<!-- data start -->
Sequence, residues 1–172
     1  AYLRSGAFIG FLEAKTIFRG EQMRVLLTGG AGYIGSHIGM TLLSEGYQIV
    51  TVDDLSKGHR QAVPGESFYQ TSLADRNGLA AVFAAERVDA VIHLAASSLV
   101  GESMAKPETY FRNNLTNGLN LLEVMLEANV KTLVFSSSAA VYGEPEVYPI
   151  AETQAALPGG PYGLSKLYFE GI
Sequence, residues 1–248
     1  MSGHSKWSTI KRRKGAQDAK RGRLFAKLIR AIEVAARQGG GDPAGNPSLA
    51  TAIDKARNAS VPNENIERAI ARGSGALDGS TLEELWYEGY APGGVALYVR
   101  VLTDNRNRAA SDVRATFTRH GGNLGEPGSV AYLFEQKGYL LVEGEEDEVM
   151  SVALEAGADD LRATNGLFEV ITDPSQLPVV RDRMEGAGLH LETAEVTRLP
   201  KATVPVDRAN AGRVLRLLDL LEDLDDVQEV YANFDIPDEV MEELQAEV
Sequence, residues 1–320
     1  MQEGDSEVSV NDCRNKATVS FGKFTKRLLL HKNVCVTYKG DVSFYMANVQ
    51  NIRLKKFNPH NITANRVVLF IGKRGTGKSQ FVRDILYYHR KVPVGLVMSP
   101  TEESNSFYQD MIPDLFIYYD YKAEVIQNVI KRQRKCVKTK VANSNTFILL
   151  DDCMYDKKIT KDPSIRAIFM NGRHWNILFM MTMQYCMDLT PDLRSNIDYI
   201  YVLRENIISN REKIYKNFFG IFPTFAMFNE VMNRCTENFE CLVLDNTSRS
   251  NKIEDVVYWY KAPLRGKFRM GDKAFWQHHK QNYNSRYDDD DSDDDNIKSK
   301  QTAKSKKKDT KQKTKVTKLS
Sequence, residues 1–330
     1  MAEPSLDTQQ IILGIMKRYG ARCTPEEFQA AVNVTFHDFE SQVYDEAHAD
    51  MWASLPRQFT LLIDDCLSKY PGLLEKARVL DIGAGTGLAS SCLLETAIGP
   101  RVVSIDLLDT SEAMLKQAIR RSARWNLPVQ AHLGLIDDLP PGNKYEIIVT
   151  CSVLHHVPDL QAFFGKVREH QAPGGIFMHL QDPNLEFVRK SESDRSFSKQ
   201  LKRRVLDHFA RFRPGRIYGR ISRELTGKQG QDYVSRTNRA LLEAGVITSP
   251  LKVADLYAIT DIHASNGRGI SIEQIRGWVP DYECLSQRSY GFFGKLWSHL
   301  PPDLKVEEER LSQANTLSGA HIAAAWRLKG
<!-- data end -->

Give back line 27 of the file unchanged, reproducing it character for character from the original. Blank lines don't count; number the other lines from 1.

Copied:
   301  PPDLKVEEER LSQANTLSGA HIAAAWRLKG